INTERVIEW: Citi Private Bank Raises Mobile Banking Game With Stress-Tester, "Digital Vault"

Tom Burroughes Group Editor London 24 March 2014

INTERVIEW: Citi Private Bank Raises Mobile Banking Game With Stress-Tester,

One of the stronger financial sector trends in recent times has been that of the “mobile revolution”. We live in the age of the app. A new example has come from Citi Private Bank and its In View platform.

One of the stronger financial sector trends in recent times has been that of the “mobile revolution”. We live in the age of the app. A new example has come from Citi Private Bank and its In View platform.

When your correspondent was invited by Citi Private Bank recently to attend a gala evening to launch the Art14 series of arts exhibitions and events, visitors to the Victoria and Albert Museum in London’s Kensington district were presented with an intriguing presentation pack – including an embedded video presentation that rolls when one opens the cover – about the new service. It is now available on a global basis, from the Apple app store. The slick video describing how it works is a notch above the usual fare when it comes to bank marketing for such things.

This publication spoke to Dena Brumpton, Citi Private Bank chief operating officer, about In View, and how this sort of technology fits with a world in which banks are trying to juggle rising client demands and rising regulatory costs.

In View is a platform that, among other features, has a “digital vault” in which clients can store key information documents and other data, while managers can also rapidly find information on their clients so that issues can be handled anywhere in the world. Portfolio and reporting tools have the same 24-hour accessibility – vital for clients who, typically, are entrepreneurs with an international work pattern, Brumpton told this publication.

“The Vault’s development turns a pain point for clients into a useful portal for their key documents, and is particularly useful for people who travel a lot,” she said.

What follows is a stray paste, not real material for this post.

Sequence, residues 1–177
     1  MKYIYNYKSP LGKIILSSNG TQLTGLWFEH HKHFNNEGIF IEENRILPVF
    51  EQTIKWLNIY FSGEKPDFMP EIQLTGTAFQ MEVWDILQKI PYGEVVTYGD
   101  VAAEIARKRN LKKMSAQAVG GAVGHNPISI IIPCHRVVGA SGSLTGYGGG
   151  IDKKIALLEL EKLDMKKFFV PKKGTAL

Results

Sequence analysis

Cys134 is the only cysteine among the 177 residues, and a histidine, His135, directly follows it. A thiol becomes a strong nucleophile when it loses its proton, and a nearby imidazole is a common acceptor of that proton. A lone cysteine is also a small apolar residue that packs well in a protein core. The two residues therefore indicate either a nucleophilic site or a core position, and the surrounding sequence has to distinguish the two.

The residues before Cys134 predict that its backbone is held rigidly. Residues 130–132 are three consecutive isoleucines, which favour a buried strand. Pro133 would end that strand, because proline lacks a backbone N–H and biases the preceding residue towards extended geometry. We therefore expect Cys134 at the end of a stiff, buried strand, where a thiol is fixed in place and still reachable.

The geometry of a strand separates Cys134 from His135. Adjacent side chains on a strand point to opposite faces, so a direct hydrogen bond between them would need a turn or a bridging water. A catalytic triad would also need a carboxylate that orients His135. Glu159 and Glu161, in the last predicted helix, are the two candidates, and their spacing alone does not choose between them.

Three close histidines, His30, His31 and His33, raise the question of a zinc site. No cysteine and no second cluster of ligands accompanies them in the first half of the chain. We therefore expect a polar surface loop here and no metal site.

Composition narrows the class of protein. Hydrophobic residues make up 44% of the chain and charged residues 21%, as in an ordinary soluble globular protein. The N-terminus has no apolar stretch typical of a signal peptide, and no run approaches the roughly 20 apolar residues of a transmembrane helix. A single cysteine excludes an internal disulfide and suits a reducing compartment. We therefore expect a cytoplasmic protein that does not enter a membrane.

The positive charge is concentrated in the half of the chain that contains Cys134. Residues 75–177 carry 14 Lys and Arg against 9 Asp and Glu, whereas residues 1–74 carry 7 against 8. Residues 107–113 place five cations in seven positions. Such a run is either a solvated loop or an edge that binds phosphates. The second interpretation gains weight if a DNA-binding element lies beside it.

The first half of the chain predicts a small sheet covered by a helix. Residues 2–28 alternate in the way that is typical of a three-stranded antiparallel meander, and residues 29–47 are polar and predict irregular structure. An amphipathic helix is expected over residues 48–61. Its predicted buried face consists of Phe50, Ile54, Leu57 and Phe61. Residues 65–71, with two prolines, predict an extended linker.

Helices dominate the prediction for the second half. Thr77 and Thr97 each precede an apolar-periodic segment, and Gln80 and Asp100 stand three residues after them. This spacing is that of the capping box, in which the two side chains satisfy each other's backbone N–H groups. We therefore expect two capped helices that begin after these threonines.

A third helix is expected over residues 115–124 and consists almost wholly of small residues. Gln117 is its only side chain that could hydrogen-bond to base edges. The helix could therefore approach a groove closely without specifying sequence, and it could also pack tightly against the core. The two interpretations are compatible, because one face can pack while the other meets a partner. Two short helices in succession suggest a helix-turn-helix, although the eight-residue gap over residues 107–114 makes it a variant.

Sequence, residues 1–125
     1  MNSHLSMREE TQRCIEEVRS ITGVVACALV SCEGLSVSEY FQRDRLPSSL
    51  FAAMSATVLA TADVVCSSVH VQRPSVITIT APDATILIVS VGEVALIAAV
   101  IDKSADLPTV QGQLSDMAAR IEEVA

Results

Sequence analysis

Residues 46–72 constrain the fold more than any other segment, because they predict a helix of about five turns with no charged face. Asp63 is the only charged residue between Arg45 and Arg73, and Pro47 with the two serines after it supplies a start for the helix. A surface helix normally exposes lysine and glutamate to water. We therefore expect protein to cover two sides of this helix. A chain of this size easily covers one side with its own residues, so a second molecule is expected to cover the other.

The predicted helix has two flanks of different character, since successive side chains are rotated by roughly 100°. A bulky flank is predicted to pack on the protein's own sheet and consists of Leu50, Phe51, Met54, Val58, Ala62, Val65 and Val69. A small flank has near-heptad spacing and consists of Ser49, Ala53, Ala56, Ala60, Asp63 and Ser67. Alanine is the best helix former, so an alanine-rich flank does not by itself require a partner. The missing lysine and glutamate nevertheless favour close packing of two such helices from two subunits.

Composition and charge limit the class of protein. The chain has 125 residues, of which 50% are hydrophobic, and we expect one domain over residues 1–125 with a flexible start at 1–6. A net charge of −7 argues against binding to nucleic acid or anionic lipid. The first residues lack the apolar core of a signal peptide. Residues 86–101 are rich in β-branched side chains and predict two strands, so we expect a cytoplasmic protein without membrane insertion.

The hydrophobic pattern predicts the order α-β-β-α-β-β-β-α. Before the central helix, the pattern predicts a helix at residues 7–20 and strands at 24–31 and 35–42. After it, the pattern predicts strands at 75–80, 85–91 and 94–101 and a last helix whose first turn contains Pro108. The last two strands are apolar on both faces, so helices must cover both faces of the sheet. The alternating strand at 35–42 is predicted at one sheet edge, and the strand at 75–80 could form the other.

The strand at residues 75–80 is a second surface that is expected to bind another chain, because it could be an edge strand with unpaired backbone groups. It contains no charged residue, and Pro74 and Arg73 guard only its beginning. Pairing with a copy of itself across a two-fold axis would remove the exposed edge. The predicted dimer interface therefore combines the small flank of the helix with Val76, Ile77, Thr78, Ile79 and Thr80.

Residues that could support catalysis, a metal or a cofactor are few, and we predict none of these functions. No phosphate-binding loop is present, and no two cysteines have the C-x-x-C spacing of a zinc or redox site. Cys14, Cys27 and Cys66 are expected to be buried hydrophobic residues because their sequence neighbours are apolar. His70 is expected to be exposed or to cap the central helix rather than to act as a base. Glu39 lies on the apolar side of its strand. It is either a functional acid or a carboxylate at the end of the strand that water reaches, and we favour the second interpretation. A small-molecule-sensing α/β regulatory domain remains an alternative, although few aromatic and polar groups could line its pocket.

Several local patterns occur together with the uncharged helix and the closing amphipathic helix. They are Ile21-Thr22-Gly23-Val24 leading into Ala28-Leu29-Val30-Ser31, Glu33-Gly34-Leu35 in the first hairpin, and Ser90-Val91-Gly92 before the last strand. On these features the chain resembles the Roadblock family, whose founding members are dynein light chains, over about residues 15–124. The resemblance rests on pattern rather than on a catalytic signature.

The idea of such a vault was driven by talking to clients about what would really add value for them, Brumpton continued. “In developing Citi Private Bank In View, our goal was to look at every touch point for the client experience and ask ourselves how to improve it. We see it as a client engagement tool.  In View is a platform that is much more comprehensive and powerful than an app,” she said.

“It [In View] allows for a much more open dialogue between the client and the coverage team,” Brumpton said.

One highlight of the platform, she said, is that clients can stress-test prospective investment strategies against a range of different market conditions.

“Our clients are typically entrepreneurs; with first-generation wealth and are very mobile. They need access to information wherever they are in the world, at any time,” she said. Meanwhile, in July, she said, the bank hopes to roll out a full-scale, integrated video tool to go on the system, which will also carry added features in the months/years ahead.

What’s in it for the bank?
With all this technical wizardry, the test of its effectiveness is whether it enables Citi Private Bank, a firm that focuses on ultra high net worth clients, to win a bigger share of the total wealth management pie and retain those clients who might have been wooed by competitors. With the average cost/income ratio of the global wealth management industry still in the mid to upper 70s in percentage terms (source: Scorpio Partnership), managers will want to know if such platforms can improve margins. And inevitably, that raises the question of where such tech leaves managers. Does it force them out of the picture or reduce the need to have so many of them?